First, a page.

Effective April 1st, there are new engine cutoff device wear requirements for recreational boaters on vessels less than 26 feet. These devices, referred to as engine cutoff switches (ECOS), are used to prevent a boating injury if an operator is accidentally thrown overboard while underway. 

Engine cutoff devices can be located at the helm of the boat or the body of an outboard engine and usually connect a boat’s operator to the cutoff switch with a lanyard. Some don’t use a lanyard and rely on wireless proximity devices to shut down the engine immediately if the operator goes overboard.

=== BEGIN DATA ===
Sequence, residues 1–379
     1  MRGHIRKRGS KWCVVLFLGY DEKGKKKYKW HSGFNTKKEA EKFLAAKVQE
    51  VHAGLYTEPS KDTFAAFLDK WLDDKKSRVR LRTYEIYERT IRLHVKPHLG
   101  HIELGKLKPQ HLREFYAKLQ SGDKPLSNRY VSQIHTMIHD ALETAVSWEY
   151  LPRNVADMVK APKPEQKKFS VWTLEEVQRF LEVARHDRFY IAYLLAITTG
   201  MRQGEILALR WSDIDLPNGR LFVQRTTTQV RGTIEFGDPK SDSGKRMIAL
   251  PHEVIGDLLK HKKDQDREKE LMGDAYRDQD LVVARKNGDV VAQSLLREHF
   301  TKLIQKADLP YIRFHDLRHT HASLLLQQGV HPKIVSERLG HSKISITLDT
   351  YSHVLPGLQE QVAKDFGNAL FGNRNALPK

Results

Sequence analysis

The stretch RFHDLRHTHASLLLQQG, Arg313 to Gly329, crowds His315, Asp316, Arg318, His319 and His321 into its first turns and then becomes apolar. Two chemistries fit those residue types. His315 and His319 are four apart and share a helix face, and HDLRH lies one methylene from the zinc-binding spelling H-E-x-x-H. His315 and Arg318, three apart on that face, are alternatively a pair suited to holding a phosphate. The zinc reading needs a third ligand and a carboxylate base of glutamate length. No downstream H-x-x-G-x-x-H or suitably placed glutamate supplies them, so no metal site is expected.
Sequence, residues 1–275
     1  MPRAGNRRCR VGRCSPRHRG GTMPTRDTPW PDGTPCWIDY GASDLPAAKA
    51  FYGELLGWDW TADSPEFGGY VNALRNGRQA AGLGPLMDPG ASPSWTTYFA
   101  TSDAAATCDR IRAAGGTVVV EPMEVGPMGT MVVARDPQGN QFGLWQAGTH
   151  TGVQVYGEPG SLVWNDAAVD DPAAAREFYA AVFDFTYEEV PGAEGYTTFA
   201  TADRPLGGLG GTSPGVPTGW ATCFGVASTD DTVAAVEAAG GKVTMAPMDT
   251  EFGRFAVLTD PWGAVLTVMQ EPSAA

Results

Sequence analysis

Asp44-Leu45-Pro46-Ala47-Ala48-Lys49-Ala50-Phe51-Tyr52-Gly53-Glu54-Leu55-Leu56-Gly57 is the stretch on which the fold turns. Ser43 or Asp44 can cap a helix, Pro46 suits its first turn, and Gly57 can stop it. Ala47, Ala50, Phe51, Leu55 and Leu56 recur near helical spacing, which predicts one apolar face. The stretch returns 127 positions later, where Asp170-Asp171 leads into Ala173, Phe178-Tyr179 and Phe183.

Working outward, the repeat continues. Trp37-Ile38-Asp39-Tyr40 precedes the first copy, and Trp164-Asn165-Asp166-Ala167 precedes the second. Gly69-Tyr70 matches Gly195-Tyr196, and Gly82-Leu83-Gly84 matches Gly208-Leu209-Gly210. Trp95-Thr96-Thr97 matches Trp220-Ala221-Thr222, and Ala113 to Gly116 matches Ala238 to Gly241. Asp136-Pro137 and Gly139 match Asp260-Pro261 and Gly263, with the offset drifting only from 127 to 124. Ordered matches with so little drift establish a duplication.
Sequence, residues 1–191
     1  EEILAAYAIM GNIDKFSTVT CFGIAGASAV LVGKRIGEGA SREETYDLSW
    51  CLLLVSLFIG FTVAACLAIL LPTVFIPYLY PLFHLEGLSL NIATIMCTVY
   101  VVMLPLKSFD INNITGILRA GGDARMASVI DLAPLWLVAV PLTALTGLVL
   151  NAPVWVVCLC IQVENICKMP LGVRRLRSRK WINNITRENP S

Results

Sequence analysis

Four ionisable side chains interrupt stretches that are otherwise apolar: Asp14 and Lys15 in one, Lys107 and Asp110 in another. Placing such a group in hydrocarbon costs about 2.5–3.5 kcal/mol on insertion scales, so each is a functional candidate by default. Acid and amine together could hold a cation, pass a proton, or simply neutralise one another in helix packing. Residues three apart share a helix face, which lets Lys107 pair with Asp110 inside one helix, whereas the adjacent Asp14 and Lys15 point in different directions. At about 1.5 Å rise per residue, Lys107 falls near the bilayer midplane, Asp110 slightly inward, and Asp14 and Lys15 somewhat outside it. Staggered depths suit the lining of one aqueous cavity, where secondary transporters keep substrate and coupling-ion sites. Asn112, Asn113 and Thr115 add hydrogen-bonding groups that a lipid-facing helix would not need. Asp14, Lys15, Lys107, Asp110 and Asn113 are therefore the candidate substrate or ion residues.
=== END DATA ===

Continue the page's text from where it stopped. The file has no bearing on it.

Exceptions to this requirement include if the main helm of the boat is an enclosed cabin or the boat is operating below displacement speed. For example, boaters who are fishing or docking do not need to use an ECOS.

This new law is applicable to all federally navigable waterways. States do not have the ability to enforce the new ECOS regulation, though a few states currently have their own ECOS laws. Most states are expected to amend their rules and regulations to match federal law over the coming years. Boat operators who don’t follow the new requirement could face a $100 civil penalty for first offenses.